Winnie was in a state of rejection.
A closing of the mind to what was likely to be the inevitable. By the end of my second week she was showing a concern, not for herself but for her daughter. At this point I was spending time with both Winnie and her daughter. Her condition also began to improve with easier breathing and hands more relaxed. The fourth week saw Winnie confidently, though weakly taking with her daughter about her life. Trying in her own way to help her daughter. By this time she knew what she really wanted though by now there were periods when all of her body relaxed. Winnie no longer wanted the miracle cure, but to move on, to follow her husband who had died 18 months earlier. The change in Winnie, the sense of peace, was quite noticeable and still she was trying to make it easier for her daughter. How do I know? Well, I asked her, when her daughter was not there. The next visit, a week later she had begun the separation of self from body. No matter the twitching, the quiet moans or irregular breath, that only seemed to be the body, not Winnie. As I left at the end of my session, Winnie mouthed thank you. It was enough. Her daughter never saw it. But I knew. Winnie died 5 minutes before my next session. She went peacefully. I came away, for I felt that my place was not there.
I had done what I had to do. I had helped in the healing process necessary for a quiet, peaceful death. A passing on. I was not sad but happy.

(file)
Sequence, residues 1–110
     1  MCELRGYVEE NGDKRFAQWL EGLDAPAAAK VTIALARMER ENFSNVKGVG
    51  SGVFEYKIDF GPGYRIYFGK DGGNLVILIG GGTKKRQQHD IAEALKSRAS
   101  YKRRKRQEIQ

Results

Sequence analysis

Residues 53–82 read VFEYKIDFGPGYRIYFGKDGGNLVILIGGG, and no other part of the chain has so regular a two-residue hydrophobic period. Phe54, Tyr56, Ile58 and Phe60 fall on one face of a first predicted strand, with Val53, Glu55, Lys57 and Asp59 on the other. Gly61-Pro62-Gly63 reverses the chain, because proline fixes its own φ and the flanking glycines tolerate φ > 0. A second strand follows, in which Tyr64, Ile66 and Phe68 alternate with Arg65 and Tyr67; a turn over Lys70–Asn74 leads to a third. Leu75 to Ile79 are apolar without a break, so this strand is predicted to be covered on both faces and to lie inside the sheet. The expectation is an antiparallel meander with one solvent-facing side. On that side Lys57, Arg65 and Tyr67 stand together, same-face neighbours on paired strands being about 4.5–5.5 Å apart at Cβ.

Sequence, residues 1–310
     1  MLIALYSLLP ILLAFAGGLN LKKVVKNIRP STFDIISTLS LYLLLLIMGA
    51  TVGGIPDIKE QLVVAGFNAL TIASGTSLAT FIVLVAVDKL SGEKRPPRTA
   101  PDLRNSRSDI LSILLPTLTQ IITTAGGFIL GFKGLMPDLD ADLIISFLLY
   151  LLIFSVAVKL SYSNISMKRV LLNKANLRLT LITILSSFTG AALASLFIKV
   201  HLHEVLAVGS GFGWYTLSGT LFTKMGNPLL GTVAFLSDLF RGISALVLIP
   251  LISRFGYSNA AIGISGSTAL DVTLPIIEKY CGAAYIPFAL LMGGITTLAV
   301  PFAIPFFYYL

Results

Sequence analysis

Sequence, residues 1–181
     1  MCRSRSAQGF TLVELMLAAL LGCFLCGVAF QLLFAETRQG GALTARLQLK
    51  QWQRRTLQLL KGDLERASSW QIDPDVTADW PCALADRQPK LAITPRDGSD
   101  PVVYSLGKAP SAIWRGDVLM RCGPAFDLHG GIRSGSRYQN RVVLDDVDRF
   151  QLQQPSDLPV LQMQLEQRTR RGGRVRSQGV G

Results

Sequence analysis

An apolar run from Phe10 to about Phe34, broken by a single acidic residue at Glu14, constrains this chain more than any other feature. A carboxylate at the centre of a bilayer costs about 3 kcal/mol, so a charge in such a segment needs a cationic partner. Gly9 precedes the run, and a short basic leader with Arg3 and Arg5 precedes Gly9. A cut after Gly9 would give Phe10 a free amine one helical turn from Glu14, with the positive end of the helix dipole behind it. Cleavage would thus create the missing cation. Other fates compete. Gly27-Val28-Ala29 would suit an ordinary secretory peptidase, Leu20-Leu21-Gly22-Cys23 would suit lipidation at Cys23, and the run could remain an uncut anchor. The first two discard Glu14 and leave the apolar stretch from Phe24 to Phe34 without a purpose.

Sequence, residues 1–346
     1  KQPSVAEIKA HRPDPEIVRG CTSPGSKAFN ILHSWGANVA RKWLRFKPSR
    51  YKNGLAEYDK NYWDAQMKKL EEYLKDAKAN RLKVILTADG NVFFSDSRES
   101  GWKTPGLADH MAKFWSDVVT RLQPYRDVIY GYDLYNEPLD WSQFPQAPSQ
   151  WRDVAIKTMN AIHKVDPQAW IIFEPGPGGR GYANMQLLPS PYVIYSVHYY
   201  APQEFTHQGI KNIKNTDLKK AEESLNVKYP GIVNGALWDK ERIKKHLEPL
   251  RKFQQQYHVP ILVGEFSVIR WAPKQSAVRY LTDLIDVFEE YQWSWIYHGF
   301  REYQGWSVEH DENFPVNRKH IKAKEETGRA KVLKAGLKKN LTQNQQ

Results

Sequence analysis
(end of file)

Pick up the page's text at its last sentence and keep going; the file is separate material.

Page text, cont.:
With this experience Winnie has taught me about the process of dying and I now have a better understanding of the term healing.
My friend’s offering to me. Let me read it to you. It comes from a book called ‘Handle with Prayer’ by Alan Cohen. Page 175 is headed Truth and Appearances …
“I had the pleasure of meeting Albert Aguas, a handsome Brazilian shaman with the gift of healing. I saw Alberto lay hands on several patients, to the accompaniment of classical music. I felt honoured to watch this dedicated healer move intuitively, his hands and entire body guided by some unseen yet obvious force.
During class, Alberto told us, “I performed two of my most powerful healings on patients who passed on not long afterward.”
“How can that be?” a student asked.
“The purpose of healing is not necessarily to bring about a certain physical condition,” Alberto explained. “Sometimes its purpose is to bring a soul to peace. The patients I have just described had, on a deeper level, chosen to leave this world. In the process they needed to find resolution and freedom within themselves. I can tell when a patient receives healing; I experience a kind of psychic ‘clicking’ during which tumblers fall into place. I felt that sense of deep resolution with these patients; the fact that they passed on is secondary to the fact that they found inner peace.”
The clicking of psychic tumblers I am not sure of but the inner peace I have seen.